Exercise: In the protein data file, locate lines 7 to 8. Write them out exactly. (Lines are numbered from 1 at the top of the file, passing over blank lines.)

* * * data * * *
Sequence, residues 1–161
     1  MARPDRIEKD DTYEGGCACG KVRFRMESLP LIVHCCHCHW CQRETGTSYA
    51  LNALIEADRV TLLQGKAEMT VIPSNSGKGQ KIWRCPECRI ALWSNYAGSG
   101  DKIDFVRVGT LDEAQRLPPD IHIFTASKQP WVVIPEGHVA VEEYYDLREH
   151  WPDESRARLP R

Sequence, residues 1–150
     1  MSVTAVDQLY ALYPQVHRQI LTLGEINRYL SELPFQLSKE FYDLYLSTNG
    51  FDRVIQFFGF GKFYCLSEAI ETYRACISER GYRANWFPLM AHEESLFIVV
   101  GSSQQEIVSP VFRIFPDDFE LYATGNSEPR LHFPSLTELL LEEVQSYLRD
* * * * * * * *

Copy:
     1  MSVTAVDQLY ALYPQVHRQI LTLGEINRYL SELPFQLSKE FYDLYLSTNG
    51  FDRVIQFFGF GKFYCLSEAI ETYRACISER GYRANWFPLM AHEESLFIVV